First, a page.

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|Author:||PeterScott [ Tue Apr 15, 2008 5:13 pm ]|
|Post subject:||Whence KC?|
Like everything else, the location of the convention was not a foregone conclusion. Its origins go back to 2003, at which time I had been working on the notion of a centennial convention for the Heinlein Society for a year. (Note that the convention was not mounted by the Heinlein Society but by a completely different organization... a story for another time. But in 2003, it was still being explored by the society.)
At that time, my thinking surrounding the location was that it should be a second-tier US city; second-tier because first-tier (e.g., New York, L.A., Chicago) convention facilities are prohibitively expensive and unnecessarily large for our purposes. Second-tier is like, say, Seattle, Portland, New Orleans, Kansas City... no slight intended if any felt. Seattle was in the running because of the Science Fiction Museum. Kansas City was in the running because of the birthplace. Locations near Heinlein connections in Hollywood, Colorado Springs, and Carmel were considered but never worked out. Kansas City had the geographical advantage of being darn near the centroid of the lower forty-eight, and the disadvantage of being sweltering in July.
The question would have revolved for some time had I not been approached by society member Dr. Alan Koslow, of Illinois, who had contacts in Kansas City and the enthusiasm to broker the contact. At Torcon, representatives of the Kansas City Science Fiction and Fantasy Society, there to promote KC's worldcon bid, met with society representatives and myself to make their case. I was pleased with what they had to offer, both as a city and the fan group's willingness to assist. The other society representatives did not, however, support a decision on venue one way or the other.
Fast forwarding past some politics left for another story, when Heinlein Centennial Inc. was formed, Alan and I came on board immediately. The location was our first order of business and the decision was easy. Shortly we added Tina Black of KaCSFFS to our inner circle and the link was born.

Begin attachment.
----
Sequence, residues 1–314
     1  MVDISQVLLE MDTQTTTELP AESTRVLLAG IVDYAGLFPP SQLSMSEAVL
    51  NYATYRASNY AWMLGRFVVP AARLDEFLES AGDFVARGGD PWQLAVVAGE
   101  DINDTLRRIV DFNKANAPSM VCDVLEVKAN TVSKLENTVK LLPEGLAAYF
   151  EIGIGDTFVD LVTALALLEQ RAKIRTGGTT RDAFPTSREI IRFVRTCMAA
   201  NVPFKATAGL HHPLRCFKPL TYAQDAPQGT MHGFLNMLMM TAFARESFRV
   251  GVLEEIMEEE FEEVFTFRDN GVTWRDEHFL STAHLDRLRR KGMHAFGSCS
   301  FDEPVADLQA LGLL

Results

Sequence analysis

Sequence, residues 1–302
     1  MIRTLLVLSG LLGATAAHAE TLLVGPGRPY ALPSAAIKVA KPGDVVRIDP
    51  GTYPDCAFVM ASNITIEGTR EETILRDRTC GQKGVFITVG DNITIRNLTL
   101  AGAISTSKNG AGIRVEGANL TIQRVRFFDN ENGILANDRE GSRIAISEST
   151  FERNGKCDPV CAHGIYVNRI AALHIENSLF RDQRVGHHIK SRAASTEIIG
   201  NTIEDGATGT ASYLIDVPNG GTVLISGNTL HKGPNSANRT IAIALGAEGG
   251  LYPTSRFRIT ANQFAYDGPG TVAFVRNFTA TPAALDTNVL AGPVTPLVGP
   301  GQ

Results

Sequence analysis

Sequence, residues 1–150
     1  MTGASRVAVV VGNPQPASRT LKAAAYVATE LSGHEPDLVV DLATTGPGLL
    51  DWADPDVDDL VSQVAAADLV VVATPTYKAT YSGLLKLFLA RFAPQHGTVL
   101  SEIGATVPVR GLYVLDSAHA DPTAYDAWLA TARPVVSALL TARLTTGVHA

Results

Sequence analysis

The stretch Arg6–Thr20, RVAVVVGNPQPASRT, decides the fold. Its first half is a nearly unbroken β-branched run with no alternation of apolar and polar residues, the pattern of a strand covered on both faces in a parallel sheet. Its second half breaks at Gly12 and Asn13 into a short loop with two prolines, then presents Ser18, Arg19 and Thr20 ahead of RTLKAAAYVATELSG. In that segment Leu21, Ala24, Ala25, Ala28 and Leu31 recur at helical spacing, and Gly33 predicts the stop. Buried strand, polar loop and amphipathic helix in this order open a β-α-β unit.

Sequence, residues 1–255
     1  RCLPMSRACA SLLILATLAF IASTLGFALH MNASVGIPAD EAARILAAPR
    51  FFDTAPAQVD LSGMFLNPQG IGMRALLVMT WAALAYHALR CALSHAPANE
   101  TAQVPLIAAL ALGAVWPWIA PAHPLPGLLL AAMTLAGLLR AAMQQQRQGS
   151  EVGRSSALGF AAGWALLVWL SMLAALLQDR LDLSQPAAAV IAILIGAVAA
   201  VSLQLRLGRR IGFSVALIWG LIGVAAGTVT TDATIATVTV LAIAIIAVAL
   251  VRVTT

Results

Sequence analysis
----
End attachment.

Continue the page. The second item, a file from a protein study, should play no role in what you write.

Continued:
Kansas City was a terrific facility for our purposes and fortunately I only ventured outside for a few minutes The logistics was of course not without its headaches but at least one of the hotels was unfailingly cooperative and accommodating. In terms of what the location offered I couldn't ask for more (except, perhaps, more air conditioning in The Link - I had to run through that tube a few dozen times each day).
What you may not know... is that we had originally reserved a much larger space in each hotel. We figured it was easier to cut space than add it, an assumption that wasn't necessarily accurate. Now, you may look at how many simultaneous events we had going on and think, geez, what a lot of rooms. Well, for some reason, we had initially reserved twice as many, plus a few other giant ones. What exactly we could have done with them was evidently something we never considered until a lot later, because there was just no way to use them all. So, with a little, uh, negotiation, we excised some of the space.
|Author:||JamesGifford [ Wed Apr 16, 2008 4:25 pm ]|
|Post subject:||Re: Whence KC?|
It all worked out well in the end, but I lost count of the times people said, "Kansas City? <significant pause> In July?"
IMO, the problem with the Link is that it was designed in a non energy-conscious era and was intended to be cooled by megawatts of chiller power. Now they can't afford to do that and can't afford to change the design to be more naturally shielded. So it's lovely, it has marvelous views and it's like walking through a quarter-mile-long microwave oven...
|Author:||TinaBlack [ Wed Apr 16, 2008 6:50 pm ]|
|Post subject:||Re: Whence KC?|
And of all silly things, it was cool and pleasant for the first day that the committee was in Kansas City. That was probably a shock.
During meetings when I would talk about the hotels, I would mention the habitrails that connected the buildings. When everyone still sounded bewildered, I finally went out and took pictures of the glass tubes that connected the buildings and the mall and sent them to everyone from out of town.
Then the good hotel asked for pictures of all our VIPs so they could alert the staff to give them extra care. They actually made a book that contained those pictures. They said that they always asked conventions to do this, but that ours was the first to actually provide what they wanted. Of course most of our outstanding people were on the Web, and I had also met many of them over the years at conventions, so I had a good set to choose from. While I was doing this for the hotel, I gathered pictures of Cell B members to send to the KC Worker Ants, and took pictures of the KC people to send to Jim, Tim, Peter, Bill, Keith, and Alan.
Maybe when my other PC has been restored to health I'll be able to find the pictures and post one occasionally.
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